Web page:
Singapore sanctions ex-Goldman banker Leissner

The logo of the Monetary Authority of Singapore (MAS) at its building in Singapore February 21, 2013.  — File pic
The logo of the Monetary Authority of Singapore (MAS) at its building in Singapore February 21, 2013. — File pic

SINGAPORE, Dec 2 — Singapore plans to bar former Goldman Sachs Group Inc banker Tim Leissner from its securities industry for 10 years and fined Standard Chartered Plc and Coutts & Co over breaches related to a scandal-plagued Malaysian sovereign fund.

Leissner, who left Goldman Sachs in February, was sanctioned because he issued an unauthorised reference letter on behalf of Low Taek Jho, the Monetary Authority of Singapore said in a statement today. Low, a Malaysian financier, has been linked to alleged efforts to siphon billions of dollars from 1Malaysia Development Bhd.

The penalties are the latest the MAS has handed down to address the damage to Singapore’s reputation caused by anti-money laundering lapses linked to 1MDB. The regulator withdrew the banking licences of Falcon Private Bank and BSI SA’s local units earlier this year and fined UBS Group AG and DBS Group Holdings Ltd a combined total of S$2.3 million (RM7.18 million).

“These actions send a strong signal that we will not tolerate the abuse of Singapore’s financial system for illicit purposes,” MAS Managing Director Ravi Menon said in the statement.

“The supervisory investigations into the intricate web of international fund flows has been a learning experience for financial institutions as well as for MAS. Our financial sector will emerge cleaner and stronger.”

Leissner’s letter

Besides serving notice of its intention to issue a so-called prohibition order against Leissner, the MAS fined Standard Chartered S$5.2 million and Coutts S$2.4 million.

The proposed order will prohibit Leissner from performing any activity regulated by the city’s securities laws or taking part in the management of any capital-market services firm in Singapore, the MAS said.

The letter Leissner issued on behalf of Low was on Goldman Sachs’s letterhead and stated that the firm had found no money-laundering concerns after conducting due diligence on Low and his family, the MAS said. The statements were untrue and were made by Leissner without his New York-based employer’s knowledge or consent, the regulator said.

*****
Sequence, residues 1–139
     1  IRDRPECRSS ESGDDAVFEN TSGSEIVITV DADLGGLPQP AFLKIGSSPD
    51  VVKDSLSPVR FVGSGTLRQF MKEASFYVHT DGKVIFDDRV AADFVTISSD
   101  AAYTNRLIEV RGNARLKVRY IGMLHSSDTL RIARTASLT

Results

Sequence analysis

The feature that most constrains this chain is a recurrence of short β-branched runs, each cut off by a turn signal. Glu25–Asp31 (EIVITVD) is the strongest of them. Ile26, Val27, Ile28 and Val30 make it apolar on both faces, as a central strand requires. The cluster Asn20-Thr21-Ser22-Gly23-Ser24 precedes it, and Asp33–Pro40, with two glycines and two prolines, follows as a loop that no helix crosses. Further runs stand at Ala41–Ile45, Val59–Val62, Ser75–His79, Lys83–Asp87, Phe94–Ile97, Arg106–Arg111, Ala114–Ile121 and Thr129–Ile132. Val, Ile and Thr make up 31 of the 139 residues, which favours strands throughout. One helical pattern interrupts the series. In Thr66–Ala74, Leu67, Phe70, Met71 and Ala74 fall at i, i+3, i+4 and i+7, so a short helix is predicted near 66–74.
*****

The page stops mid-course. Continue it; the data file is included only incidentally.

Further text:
“Today’s announcement refers to a matter we discovered in January of this year and identified as a clear violation of the firm’s standards,” Goldman Sachs said in an e-mailed statement. “At that time we promptly took steps to separate Mr Leissner from the firm and reported the matter to regulatory authorities in several jurisdictions, including Singapore. We continue to cooperate with the MAS.”

Leissner left Goldman Sachs in February after 18 years with the bank and relocated to Los Angeles earlier this year. The former star banker was instrumental in building Goldman Sachs’s business in Malaysia, and helped oversee bond offerings for 1MDB in 2012 and 2013 that earned the firm almost US$600 million.

Global probes

Low’s Hong Kong-based company Jynwel Capital didn’t respond immediately to an email request for comment on the Singapore central bank statement.

The regulator said it’s nearing completion of its examinations of financial institutions in Singapore through which 1MDB-related fund flows took place, and will provide a final update in early 2017. The city-state has charged four people, including three former BSI bankers, for their roles in transactions and money flows linked to 1MDB.

Allegations that billions of dollars have been improperly siphoned out of the Malaysian fund has led to investigations across the globe including by Swiss and US authorities. The US Department of Justice said in July that more than US$3.5 billion was misappropriated from 1MDB, as the agency sought to seize about US$1 billion of assets it claims was laundered through the US banking system.

Five wire transfers totalling US$636 million were sent between May and December 2012 from a bank account of a company registered in the British Virgin Islands to an account at Standard Chartered Bank in Singapore held in the name of Blackstone Asia Real Estate Partners, the DOJ alleged in a suit filed on July 20.

The Blackstone account, not related to Blackstone Group LP, was controlled by a man named by the DOJ as a “a close associate” of Low.

Standard Chartered said it reported the transactions “both before and at the time we exited the accounts in early 2013,” according to an email statement from the bank. “We have made significant investments in strengthening our controls, processes, and surveillance systems, and continue to do so.”

1MDB has consistently denied wrongdoing and Malaysia’s government has said it will cooperate with lawful investigations of local companies or its citizens in relation to the fund. — Bloomberg

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